Friday, April 22, 2011

Appointing judges doesn't stop political shenanigans

The Wisconsin State Journal editorially expressed growing discomfort with Wisconsin's elected judiciary which it feels does little to insulate judges from partisan politics, a scenario played out in recent state supreme court soap

The newspaper is right to voice concerns about judicial independence and freedom from partisan politics but abandoning electing judges won't necessarily solve the problem.  If you need proof, let's look at Iowa where judges from the local level to the supreme court are nominated and appointed but face retention elections where voters periodically decide whether to keep a particular judge in office.

After the Iowa Supreme Court ruled same sex marriages were protected by the state constitution three of the seven justices lost retention votes.  While their supporters cried foul that judicial independence was being attacked and outside groups were influencing the election the process nonetheless was followed according to law.  In short, like it or not, Iowa voters had the chance to express their oversight over the court.

Waiting for the next retention vote, however, isn't enough for some Iowa Republican legislators, five of whom have introduced impeachment bills against the other four justices who have yet to come up for their retention votes.

The four resolutions — one for each justice — argue Chief Justice Mark Cady, and justices David Wiggins, Daryl Hecht and Brent Appel, performed a function solely reserved for the legislature in making the ruling.  The court’s decision violated the state’s constitutional separation of powers, and created social disorder and unrest, the resolution said.

Not all Republicans are willing to go that far.  The resolution will move on to the House Judiciary Committee, where its chances of advancing are unlikely, said its chairman Rep. Rich Anderson, R-Clarinda.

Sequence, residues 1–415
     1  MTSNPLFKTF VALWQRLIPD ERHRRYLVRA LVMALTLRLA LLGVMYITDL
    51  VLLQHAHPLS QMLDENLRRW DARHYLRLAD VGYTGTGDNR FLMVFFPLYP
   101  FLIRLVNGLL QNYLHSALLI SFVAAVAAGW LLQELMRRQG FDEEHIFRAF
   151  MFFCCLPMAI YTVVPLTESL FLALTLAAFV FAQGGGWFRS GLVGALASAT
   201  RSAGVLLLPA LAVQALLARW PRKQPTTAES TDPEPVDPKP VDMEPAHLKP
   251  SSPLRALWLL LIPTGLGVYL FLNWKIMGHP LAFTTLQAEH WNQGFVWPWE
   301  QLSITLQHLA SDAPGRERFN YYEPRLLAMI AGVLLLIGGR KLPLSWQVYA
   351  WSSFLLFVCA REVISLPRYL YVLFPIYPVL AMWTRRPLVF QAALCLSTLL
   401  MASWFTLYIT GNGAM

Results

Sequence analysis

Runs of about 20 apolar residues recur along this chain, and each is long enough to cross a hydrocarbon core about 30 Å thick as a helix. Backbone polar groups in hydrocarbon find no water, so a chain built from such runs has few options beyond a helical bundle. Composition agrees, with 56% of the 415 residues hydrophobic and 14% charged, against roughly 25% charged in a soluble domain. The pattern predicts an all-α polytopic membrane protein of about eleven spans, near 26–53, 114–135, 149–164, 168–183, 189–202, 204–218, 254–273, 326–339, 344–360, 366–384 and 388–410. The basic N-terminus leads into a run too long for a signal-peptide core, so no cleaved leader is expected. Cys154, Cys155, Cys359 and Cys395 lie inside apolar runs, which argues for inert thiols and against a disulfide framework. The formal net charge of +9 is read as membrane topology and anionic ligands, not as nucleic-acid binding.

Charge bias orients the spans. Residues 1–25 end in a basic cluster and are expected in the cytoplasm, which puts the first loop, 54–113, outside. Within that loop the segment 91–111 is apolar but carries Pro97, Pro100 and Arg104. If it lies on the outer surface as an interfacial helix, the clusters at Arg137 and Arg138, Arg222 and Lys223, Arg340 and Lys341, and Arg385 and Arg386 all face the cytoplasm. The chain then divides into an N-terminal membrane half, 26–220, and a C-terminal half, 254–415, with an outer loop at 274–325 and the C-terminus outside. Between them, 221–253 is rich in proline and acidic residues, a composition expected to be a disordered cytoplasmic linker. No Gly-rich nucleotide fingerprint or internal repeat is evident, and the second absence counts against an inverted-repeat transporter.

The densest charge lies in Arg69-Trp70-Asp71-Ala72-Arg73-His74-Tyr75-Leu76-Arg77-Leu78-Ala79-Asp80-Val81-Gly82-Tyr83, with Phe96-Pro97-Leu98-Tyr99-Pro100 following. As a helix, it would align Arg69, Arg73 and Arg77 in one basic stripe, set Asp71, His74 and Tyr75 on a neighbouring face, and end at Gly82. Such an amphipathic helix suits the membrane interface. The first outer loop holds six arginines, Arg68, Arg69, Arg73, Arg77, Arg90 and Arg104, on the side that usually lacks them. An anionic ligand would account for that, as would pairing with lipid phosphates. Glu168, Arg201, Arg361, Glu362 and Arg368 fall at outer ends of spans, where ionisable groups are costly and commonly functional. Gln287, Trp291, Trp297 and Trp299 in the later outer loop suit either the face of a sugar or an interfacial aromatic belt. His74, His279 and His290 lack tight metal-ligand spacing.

The justices’ actions in issuing a ruling that in effect legalized same-sex marriage do not meet the standard for impeachment spelled out in the Iowa Constitution: misdemeanor or malfeasance in office, Anderson said. He believes the majority of House Republicans agree with him and that it’s unlikely that the resolutions will go anywhere.

Anderson is a lawyer who initially applied to fill one of the three seats left open after voters in November ousted three justices but later withdrew his name.
“Rendering an opinion or resolving a dispute, which is what judges and justices are charged with doing, that is not misconduct or wrongful or unlawful,” Anderson said. “As much as the sponsors of the resolution disagree with the opinion, I don’t think the legal standard is met.”

Anderson's assessment mixes Iowa law with Iowa common sense.  If the voters don't like the other for justices, they can give them the boot at the next election.

This process, however, is far from immune from politics.  Outgoing Gov. Chet Culver, a Democrat, could have appointed three replacements before he left office but yielded to calls that he allow his Republican successor, Terry Branstand, to make the appointments. 

In my view that gives a governor too much power and makes it easier to stockpile a court with partisan jurists.  In other words, six of one, a half dozen of another.

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